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From Michael McCandless <>
Subject Re: IndexWriter.getReader() was Re: How to leverage the LogMergePolicy "calibrateSizeByDeletes" patch in Solr ?
Date Tue, 22 Sep 2009 19:44:06 GMT
On Tue, Sep 22, 2009 at 2:53 PM, Grant Ingersoll <> wrote:
> One of the pieces I still am missing from all of this is why isn't
> IW.getReader() now just the preferred way of getting a IndexReader
> for all applications other than those that are completely batch
> oriented?
> Why bother with IndexReader.reopen()?

I agree, most apps should simply use getReader, as long as they're
running in the same JVM as the IndexWriter, and, they are holding the
IW open anyway.

But, the returned reader is read-only, so you can't use it to change
norms, do deletes, etc.

The API really shouldn't be marked expert.  I'll go remove that...

> Lucene has, in fact, always been about incremental updates (since
> there are commercial systems out there that require complete
> re-indexing)

True, for writing.  But for reading, reopening a reader was very
costly before 2.9 because FieldCache entry had to be fully recomputed.
So, switching to per-segment search/collect in 2.9 was the biggest
step to reducing NRT reopen latency.

> and that getting IR.reopen to perform is just a matter of tuning
> one's application in regards to reads and writes vs. having to do
> all this work in the IndexWriter that now tightly couples the
> IndexReader to the IndexWriter.

The integration with IndexWriter allows a reader to access segments
that haven't yet been committed to the index.  This saves fsync()'ing
the written files, saves writing a new segments_N file, saves flushing
deletes to disk and then reloading them (we just share the BitVector
directly in RAM now).  On many OS/filesystems fsync is surprisingly

LUCENE-1313, the next step for NRT, further reduces NRT reopen latency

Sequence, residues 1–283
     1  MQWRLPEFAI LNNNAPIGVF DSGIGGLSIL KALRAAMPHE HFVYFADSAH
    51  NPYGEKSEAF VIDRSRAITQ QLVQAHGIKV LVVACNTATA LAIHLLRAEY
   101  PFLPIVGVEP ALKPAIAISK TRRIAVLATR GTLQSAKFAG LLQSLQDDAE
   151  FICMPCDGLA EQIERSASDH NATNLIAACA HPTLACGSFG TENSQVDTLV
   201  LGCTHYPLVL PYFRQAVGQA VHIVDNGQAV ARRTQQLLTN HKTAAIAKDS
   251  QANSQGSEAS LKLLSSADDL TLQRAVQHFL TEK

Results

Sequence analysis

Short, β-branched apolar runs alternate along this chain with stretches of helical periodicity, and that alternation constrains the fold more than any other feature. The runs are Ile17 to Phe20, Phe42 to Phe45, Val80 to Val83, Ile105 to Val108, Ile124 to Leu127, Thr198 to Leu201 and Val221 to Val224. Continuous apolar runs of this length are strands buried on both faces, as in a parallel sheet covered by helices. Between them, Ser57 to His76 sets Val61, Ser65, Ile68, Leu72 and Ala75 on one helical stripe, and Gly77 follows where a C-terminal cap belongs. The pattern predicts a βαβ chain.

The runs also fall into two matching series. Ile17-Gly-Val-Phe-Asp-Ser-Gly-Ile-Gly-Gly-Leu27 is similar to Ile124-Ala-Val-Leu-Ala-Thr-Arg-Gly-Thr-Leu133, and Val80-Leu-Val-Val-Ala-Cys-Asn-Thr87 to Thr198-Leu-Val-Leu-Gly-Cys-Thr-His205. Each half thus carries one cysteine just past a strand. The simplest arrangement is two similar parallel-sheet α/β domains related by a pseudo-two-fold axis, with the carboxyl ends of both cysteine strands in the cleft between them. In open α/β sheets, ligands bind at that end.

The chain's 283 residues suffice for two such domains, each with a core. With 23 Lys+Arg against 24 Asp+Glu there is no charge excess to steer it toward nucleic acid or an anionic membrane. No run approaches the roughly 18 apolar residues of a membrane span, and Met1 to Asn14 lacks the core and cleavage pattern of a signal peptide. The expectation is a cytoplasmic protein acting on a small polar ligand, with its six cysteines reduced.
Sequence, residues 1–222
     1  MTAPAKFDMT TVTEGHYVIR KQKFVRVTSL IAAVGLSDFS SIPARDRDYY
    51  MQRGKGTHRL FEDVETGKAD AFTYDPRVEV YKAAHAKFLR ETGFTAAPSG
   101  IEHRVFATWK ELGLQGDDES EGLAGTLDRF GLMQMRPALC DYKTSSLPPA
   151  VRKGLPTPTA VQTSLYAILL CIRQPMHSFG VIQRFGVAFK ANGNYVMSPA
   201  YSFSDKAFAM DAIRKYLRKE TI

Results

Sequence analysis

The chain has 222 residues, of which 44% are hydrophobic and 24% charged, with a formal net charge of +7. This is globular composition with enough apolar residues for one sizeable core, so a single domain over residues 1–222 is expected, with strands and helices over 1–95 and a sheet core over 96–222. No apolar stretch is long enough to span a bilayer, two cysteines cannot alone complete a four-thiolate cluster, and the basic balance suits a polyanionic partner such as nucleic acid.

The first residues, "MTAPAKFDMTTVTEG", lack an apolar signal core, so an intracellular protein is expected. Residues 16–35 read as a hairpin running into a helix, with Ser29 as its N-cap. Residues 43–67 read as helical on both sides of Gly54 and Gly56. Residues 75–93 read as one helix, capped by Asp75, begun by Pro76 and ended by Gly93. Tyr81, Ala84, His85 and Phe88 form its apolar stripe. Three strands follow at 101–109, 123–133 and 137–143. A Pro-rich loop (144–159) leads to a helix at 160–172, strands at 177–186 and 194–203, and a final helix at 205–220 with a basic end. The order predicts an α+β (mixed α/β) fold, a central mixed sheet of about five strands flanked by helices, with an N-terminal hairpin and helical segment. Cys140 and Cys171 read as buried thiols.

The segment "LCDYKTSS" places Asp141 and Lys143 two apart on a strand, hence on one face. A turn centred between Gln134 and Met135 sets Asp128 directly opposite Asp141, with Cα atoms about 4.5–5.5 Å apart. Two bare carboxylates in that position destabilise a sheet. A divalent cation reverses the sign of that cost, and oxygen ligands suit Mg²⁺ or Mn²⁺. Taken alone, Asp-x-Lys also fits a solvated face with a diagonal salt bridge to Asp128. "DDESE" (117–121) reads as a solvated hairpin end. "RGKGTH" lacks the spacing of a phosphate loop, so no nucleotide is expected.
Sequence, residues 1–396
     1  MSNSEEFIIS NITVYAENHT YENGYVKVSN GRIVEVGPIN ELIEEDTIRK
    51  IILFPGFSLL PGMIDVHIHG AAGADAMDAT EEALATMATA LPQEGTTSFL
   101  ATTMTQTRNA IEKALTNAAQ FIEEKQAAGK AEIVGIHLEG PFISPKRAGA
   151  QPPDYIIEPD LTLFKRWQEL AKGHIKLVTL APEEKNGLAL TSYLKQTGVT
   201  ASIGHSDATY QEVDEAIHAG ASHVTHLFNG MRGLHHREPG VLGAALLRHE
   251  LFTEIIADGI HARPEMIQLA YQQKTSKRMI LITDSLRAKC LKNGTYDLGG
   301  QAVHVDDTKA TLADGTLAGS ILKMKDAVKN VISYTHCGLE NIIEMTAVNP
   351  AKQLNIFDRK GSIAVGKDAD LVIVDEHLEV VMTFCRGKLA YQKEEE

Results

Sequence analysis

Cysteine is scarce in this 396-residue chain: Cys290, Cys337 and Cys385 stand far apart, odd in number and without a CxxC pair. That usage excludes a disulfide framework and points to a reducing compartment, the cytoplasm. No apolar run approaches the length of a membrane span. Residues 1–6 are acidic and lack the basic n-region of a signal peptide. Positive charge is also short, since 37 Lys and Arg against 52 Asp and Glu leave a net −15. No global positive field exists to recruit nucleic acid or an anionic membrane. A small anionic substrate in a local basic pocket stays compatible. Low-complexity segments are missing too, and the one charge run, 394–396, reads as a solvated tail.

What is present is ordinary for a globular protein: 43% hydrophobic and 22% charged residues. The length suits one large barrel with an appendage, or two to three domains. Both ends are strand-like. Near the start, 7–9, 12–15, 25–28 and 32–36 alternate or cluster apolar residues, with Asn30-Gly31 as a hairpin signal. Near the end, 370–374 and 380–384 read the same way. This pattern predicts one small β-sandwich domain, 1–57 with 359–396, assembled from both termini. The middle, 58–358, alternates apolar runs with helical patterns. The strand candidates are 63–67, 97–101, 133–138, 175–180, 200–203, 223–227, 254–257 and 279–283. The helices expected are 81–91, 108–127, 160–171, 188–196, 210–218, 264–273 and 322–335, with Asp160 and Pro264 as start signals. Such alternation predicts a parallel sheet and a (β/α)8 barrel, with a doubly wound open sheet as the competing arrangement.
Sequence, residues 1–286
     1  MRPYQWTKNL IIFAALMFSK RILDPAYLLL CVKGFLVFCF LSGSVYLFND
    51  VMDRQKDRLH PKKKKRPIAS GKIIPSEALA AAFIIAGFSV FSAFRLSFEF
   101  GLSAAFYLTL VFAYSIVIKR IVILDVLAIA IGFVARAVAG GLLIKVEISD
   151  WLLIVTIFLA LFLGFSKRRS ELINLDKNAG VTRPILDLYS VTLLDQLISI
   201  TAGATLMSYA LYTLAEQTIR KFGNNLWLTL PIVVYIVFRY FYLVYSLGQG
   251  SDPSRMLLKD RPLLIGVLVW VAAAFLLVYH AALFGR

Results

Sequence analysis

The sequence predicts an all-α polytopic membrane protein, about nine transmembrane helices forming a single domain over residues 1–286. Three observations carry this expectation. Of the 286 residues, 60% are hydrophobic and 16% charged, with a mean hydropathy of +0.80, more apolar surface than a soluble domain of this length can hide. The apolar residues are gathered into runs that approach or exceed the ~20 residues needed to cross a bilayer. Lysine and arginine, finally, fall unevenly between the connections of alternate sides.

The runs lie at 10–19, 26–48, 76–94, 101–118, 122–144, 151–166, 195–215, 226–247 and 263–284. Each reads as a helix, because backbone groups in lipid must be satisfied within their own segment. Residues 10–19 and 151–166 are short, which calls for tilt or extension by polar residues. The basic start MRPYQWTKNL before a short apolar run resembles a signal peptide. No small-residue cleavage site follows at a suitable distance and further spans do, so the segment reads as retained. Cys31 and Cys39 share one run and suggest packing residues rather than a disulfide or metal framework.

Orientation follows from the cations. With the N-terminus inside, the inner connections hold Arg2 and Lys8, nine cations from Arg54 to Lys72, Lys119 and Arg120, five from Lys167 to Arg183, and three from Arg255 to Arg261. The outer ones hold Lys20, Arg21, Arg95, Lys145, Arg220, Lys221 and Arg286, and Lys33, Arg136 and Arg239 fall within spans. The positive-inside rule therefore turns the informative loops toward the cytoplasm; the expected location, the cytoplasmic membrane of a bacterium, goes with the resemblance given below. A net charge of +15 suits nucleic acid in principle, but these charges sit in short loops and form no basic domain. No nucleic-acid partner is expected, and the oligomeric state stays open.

by allowing the small segments to remain in RAM, so when reopening
your NRT reader after smallish add/deletes no IO is incurred.

Beyond LUCENE-1313 we've discussed making IndexWriter's RAM buffer
directly searchable, so you don't pay the cost of pinching a new
segment when an NRT reader is reopened.

Really we only need to further improve the approach here if the
existing performance proves inadequate... in my limited testing the
performance was excellent.

Though, our inability to prioritize IO and control the OS's IO cache,
from java, are likely far bigger impacts on our NRT performance at
this point, than further improvements in our impl.  I'd love to see a
Directory impl that "emulates" IO prioritization by making merging IO
wait whenever search IO is live.  I think we need a JNI extension that
taps into madvise/posix_fadvise, when possible.

> FWIW, I still don't like the coupling of the two.  I think it would
> be better if IW allowed you to get a Directory (or some other
> appropriate representation) representing the in memory segment that
> can then easily be added to an existing Searcher/Reader.  This would
> at least decouple the two and instead use the common data structure
> they both already share, i.e. the Directory.  Whether this is doable
> or not, I am not sure.

I agree the coupling is overkill.

But Directory is too low... we could probably get by with a class that
holds the SegmentReader cache (currently IndexWriter.ReaderPool), and
the "current" segmentInfos.  IW would interact with this class to get
the readers it needs, for applying deletes, merging, as well as
posting newly flushed but not yet committed segments, and IR would
then pull from this class to get the latest segments in the index and
to checkout the readers.

Such a shared "per-segment state" class could also be the basis for
app-specific custom caches to update themselves when new segments are
created, old ones are merged, etc.  Probably this class should break
out SR's core separately.  Hmm.


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